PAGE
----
Wildlife under threat as poachers raid Sg Ingei
By Siti Hajar
Borneo Bulletin 15 March 2012
The protection of the country's wildlife has been given serious attention as the Ministry of Industry and Primary Resources is currently exploring ways to ensure that Brunei Darussalam's wild animals are properly and adequately protected under the country's laws as the ministry has received feedback that poachers are hunting with bags and trucks in Sungai Ingei in the Belait District.
Minister of Industry and Primary Resources YB Pehin Orang Kaya Seri Utama Dato Seri Setia Awang Haji Yahya bin Begawan Mudim Dato Paduka Haji Bakar yesterday announced that His Majesty the Sultan and Yang Di-Pertuan of Brunei Darussalam as of January 2012 has given the ministry the mandate and trust to handle the management and preservation of not just wild animals on land but also marine life.
In line with the Heart of Borneo (HoB) initiative that protects identified forest areas under a three-way agreement between Brunei, Indonesia and Malaysia, the issue of wildlife protection was brought to the Eighth Legislative Council meeting yesterday by YB Awg Hj Ramli bin Hj Lahit who voiced his concern on illegal hunting that is taking place in the country's forests and how this can significantly affect the progress made under the HoB.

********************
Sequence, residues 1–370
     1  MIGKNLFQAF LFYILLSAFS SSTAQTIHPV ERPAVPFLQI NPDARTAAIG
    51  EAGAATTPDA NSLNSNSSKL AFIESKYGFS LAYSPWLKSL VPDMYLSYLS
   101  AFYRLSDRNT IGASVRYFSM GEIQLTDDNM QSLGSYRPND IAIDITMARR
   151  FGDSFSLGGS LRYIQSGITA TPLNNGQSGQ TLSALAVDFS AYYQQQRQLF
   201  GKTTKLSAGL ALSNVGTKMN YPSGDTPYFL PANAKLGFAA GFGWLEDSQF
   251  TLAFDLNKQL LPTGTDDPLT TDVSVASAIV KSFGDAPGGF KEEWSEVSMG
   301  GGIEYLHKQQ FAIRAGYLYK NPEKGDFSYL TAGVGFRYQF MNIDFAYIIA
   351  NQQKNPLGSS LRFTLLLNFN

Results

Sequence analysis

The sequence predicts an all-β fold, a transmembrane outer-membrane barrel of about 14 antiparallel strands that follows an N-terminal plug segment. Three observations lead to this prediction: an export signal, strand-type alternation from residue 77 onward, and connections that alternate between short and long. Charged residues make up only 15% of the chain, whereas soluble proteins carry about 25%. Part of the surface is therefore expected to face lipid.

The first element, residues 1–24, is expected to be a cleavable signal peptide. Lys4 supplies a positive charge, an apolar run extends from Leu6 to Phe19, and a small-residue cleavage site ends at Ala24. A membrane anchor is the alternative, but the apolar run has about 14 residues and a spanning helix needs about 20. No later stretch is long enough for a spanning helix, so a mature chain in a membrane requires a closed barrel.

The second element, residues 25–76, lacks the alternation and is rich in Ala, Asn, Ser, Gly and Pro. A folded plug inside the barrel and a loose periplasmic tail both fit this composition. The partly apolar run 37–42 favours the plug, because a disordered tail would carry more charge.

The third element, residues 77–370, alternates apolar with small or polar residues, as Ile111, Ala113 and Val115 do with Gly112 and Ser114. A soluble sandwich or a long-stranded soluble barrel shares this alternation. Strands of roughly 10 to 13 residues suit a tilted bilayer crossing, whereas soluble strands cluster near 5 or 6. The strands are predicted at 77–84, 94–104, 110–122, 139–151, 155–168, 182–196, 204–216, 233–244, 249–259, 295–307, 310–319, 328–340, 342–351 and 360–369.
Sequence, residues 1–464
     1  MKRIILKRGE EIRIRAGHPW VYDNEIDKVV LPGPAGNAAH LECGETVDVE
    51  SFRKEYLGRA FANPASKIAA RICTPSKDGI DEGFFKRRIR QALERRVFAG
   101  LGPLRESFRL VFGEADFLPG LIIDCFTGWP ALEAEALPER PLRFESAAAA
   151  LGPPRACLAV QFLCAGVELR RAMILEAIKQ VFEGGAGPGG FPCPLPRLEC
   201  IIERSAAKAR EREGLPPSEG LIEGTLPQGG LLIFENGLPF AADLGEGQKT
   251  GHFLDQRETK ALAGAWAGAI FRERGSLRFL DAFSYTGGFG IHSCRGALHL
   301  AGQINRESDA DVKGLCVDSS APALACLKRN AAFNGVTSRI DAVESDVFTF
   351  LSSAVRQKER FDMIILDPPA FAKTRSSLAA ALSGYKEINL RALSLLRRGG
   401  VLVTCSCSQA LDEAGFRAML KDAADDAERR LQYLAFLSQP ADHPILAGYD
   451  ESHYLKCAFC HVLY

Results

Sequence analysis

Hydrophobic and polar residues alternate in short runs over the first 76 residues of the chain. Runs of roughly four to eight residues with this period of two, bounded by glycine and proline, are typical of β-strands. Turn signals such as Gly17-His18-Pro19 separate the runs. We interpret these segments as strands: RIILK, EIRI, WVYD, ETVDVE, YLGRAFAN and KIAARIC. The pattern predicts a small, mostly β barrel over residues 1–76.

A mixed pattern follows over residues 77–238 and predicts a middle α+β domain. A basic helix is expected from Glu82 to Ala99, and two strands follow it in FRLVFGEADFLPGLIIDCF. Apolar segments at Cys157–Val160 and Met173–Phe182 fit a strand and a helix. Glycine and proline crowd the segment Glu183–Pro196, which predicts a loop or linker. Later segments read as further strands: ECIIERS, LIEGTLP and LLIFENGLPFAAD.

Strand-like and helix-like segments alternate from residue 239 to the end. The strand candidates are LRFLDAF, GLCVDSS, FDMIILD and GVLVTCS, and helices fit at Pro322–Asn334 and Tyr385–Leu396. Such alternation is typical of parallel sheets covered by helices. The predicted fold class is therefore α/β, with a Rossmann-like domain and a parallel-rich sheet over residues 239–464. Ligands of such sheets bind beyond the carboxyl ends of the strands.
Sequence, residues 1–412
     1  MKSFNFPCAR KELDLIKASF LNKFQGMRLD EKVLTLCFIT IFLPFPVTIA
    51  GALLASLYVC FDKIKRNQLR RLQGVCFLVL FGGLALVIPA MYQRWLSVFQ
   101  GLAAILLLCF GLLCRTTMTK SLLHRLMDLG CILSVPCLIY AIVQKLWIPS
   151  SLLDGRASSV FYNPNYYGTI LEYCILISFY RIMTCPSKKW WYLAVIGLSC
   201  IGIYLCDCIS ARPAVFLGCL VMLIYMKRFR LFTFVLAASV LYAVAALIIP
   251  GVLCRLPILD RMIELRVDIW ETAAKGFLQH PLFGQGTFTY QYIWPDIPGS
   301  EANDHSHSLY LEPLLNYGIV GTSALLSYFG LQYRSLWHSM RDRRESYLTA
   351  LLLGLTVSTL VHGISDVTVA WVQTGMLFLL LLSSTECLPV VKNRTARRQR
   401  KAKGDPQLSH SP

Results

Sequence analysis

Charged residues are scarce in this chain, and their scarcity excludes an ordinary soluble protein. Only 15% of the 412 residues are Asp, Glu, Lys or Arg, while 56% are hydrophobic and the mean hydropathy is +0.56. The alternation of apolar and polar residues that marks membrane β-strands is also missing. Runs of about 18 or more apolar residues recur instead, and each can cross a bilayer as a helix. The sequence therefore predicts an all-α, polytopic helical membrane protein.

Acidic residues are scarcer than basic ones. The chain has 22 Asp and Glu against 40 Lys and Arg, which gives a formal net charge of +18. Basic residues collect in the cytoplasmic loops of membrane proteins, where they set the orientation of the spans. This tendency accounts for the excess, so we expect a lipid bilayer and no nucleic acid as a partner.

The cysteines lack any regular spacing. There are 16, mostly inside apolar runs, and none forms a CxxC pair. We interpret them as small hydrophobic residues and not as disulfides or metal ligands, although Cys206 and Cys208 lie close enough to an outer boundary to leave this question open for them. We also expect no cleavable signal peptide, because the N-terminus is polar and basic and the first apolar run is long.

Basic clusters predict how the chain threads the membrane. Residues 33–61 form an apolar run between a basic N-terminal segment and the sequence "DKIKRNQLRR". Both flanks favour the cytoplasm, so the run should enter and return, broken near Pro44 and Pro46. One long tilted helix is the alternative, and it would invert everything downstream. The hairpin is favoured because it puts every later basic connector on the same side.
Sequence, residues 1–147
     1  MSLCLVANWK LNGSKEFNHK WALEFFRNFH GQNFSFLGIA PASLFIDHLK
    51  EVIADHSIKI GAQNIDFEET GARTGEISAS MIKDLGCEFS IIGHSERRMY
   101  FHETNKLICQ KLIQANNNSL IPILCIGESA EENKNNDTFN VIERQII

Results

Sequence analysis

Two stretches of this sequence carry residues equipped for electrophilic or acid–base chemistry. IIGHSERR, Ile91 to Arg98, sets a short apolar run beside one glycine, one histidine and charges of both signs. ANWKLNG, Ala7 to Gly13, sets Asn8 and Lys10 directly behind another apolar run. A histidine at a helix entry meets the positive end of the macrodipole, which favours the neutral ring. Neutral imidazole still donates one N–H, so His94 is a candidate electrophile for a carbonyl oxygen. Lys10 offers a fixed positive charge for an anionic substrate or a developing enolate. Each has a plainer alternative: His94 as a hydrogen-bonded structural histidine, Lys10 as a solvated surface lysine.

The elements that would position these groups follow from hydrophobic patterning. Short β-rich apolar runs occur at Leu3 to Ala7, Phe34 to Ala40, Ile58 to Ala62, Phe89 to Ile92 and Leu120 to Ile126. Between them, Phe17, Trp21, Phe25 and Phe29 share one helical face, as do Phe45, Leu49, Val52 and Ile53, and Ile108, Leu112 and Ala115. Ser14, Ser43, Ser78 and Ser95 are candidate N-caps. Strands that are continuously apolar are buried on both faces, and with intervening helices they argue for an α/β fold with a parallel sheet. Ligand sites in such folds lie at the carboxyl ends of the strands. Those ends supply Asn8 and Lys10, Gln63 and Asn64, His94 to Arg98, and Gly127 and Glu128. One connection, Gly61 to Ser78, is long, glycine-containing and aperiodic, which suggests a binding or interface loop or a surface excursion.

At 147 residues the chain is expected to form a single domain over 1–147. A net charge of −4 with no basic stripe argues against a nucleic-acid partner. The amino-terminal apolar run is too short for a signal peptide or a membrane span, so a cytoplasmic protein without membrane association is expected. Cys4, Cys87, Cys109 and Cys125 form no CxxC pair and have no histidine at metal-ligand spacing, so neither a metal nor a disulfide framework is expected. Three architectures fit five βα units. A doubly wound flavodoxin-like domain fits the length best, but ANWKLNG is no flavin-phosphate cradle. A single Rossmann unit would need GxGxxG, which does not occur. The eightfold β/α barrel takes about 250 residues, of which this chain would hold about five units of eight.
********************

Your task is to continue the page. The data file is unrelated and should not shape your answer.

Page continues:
Feedback from residents in the rural areas of the Belait District, especially in Sungai Ingei, said the minister, has indicated that poachers are hunting in droves as opposed to the acceptable one animal a month for personal consumption.
Among the steps that are currently being taken, added the minister, is the organising of meetings and workshops "to identify what should be done especially in the strengthening or changing of laws to ensure that these laws are effective and relevant".
As governmental efforts are not enough to curb the loss of wildlife, especially mainstream game targets such as deer and a few species of birds, the minister also made a public call for the people to help in monitoring not only the hunters but also those who purchase hunted wildlife.
If there is demand for wild (exotic) meat then there will be supply, he said.
"People need to stop demanding so as to ensure the control of supply and control hunting that is compromising on wildlife," he added and highlighted that "there is no scientific proof that wild meat is better than meat that is reared".